New California Family Law Statutes For 2019
In its 2018 legislative session, the California State Legislature enacted the following statutes, which were signed by the Governor. Please note that the following are very brief summaries of selected legislation. This summary is not intended to be a complete summary of all family law legislation. In addition, it is not intended as legal advice. You should consult with your own attorney to find out if a particular statute is relevant to your situation. Please further note that this post does not address any statutes governing juvenile law or cases under the Uniform Parentage Act.
SUBJECT MATTER: Child Abuse
CODE SECTION: Family Code §7823
CURRENT LAW: In order for a court to declare a minor child free from parental custody and control, it must first find that the child has been neglected or subjected to cruelty by the parent.
NEW LAW: A court’s finding that a parent has committed severe sexual abuse is prima facie evidence that the child has been neglected and treated with cruelty by the parent.
SUBJECT MATTER: Vocational Experts
CODE SECTION: Family Code §4311
CURRENT LAW: Where a spouse, who is requesting spousal support, is claiming that he/she cannot work, a vocational expert can be appointed to conduct a vocational evaluation.
NEW LAW: The vocational expert must have a master’s degree or another post-graduate degree in a relevant field.
SUBJECT MATTER: Interception of Insurance Proceeds to Satisfy Child Support Arrearage
CODE SECTION: Insurance Code §§13550 – 13555
CURRENT LAW: Various payments, such as income tax refunds, can be intercepted to satisfy child support arrearage.
NEW LAW: Proceeds from the payments of claims on insurance policies can be intercepted and applied to the payment of child support arrearage. However, this does not apply to certain types of insurance payoffs, such as payments to a home lender or lien holder. Fifty percent of any disability insurance payment is exempt from attachment.
SUBJECT MATTER: Termination of Child Support
CODE SECTION: Family Code §3901
CURRENT LAW: The obligation to support a minor child continues as to an unmarried child who has attained 18 years of age, is a full-time high school student, unless excused pursuant to paragraph (2), and who is not self-supporting, until the time the child completes the 12th grade or attains 19 years of age, whichever occurs first.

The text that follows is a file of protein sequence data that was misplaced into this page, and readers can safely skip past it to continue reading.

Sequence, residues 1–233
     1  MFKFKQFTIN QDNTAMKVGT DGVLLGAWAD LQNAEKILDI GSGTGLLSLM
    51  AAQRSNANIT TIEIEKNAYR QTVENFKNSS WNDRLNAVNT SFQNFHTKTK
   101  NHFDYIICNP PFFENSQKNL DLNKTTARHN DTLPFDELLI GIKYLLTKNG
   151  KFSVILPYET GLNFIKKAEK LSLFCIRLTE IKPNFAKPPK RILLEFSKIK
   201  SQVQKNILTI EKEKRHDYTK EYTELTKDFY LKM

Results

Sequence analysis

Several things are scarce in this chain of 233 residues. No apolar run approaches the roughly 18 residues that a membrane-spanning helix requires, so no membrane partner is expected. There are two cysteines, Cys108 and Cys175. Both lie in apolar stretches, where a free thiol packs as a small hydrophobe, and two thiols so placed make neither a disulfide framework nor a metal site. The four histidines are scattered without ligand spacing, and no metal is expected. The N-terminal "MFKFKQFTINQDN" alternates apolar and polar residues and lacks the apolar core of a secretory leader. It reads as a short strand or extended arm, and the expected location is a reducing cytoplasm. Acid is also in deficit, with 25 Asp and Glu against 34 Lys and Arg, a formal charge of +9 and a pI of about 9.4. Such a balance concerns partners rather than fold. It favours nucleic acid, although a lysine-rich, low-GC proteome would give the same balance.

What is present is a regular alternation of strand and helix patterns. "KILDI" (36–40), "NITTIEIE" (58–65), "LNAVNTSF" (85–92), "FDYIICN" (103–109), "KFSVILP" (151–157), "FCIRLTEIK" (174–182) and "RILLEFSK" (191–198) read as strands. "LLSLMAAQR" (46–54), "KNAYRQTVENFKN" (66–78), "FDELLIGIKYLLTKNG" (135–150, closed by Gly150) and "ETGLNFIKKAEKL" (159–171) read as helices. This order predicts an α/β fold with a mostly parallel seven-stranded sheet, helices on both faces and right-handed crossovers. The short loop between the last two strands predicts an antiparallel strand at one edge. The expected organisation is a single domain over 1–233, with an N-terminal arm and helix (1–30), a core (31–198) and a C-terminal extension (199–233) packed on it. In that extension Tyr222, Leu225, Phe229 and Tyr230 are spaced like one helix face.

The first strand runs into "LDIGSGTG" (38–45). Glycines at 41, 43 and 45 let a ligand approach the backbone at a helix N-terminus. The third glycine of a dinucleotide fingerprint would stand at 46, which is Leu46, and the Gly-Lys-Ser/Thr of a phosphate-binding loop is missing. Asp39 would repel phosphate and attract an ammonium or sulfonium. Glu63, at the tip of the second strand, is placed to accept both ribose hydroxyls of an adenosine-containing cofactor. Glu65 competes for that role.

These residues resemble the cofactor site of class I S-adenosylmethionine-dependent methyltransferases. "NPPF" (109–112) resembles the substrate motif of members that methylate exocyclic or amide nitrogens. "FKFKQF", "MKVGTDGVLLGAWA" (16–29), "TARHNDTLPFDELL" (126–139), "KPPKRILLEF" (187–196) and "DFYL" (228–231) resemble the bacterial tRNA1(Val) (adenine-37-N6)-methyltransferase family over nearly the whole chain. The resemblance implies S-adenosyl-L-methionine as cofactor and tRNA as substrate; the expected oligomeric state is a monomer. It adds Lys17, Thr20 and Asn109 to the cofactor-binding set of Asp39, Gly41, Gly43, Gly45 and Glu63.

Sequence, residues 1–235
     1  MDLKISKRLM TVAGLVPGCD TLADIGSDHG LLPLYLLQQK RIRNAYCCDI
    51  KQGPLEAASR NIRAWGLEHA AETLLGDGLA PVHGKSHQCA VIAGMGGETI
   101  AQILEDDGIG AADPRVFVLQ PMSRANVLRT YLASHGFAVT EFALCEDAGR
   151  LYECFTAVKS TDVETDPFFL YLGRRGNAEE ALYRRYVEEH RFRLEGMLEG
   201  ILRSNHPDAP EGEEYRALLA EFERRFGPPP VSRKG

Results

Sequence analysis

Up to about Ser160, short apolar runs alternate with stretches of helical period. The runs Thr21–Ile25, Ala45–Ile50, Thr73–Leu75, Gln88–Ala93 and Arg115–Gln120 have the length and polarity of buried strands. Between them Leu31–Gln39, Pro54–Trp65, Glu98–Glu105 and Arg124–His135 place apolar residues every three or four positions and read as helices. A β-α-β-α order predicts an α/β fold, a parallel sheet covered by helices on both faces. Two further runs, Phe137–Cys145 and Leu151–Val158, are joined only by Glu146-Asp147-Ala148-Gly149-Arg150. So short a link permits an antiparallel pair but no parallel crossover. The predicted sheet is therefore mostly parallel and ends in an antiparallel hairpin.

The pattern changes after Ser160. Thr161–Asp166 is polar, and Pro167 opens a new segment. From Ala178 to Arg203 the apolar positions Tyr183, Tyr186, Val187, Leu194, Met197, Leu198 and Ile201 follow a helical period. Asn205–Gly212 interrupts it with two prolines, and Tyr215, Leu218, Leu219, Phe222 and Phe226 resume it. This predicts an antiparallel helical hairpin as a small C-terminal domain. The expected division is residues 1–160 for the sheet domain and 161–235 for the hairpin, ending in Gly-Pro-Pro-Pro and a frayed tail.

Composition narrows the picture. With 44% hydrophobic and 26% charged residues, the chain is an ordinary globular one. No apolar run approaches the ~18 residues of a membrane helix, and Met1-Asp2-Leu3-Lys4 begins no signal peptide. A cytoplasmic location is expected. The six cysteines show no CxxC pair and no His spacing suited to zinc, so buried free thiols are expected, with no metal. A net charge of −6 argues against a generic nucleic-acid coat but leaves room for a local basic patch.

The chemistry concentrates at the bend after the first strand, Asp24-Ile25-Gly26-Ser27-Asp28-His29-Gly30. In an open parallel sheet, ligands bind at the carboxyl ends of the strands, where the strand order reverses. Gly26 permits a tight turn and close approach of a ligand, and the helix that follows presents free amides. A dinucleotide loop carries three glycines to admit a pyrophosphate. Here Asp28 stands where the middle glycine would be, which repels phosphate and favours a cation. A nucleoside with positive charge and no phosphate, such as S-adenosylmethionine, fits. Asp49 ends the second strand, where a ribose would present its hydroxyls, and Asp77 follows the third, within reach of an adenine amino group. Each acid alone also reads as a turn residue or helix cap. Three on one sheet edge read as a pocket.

NEW LAW: A child is excused from the full-time student requirement if the child has a medically documented condition that prevents full-time school attendance.
SUBJECT MATTER: Domestic Violence and Child Custody
CODE SECTION: Family Code §3044
CURRENT LAW: In a child custody case, if a parent has committed an act of domestic violence against the minor child, the other children or the other parent, the Court has to presume that awarding custody to the offending parent would not be in the child’s best interests.
NEW LAW: The presumption is applicable where the offending parent has committed an act of domestic violence against his/her parent, spouse or significant other.
SUBJECT MATTER: Child Visitation Rights
CODE SECTION: Family Code §3100
CURRENT LAW: The Court is required to award reasonable visitation rights to the noncustodial parent, unless it is shown that such visitation rights would be detrimental to the child.
NEW LAW: The Court is required to award reasonable visitation rights if it is shown that the visitation would be in the best interest of the child.
COMMENT: This amendment appears to make it easier to deny visitation rights to the noncustodial parent. Previously, the custodial parent had the burden of proving the element of detriment to the child. Now, that parent only will have to prove that visitation would not be in the child’s best interests, which is a lower standard of proof.
SUBJECT MATTER: Compliance with Public Policy in Making Child Custody Awards
CODE SECTION: Family Code §3011
CURRENT LAW: The Court is required to consider specified factors, such as domestic violence and substance abuse, in awarding child custody.
NEW LAW: All child custody orders must be consistent with the state policy to ensure that the health, safety and welfare of children shall be the court’s primary concern in determining what is in the child’s best interests.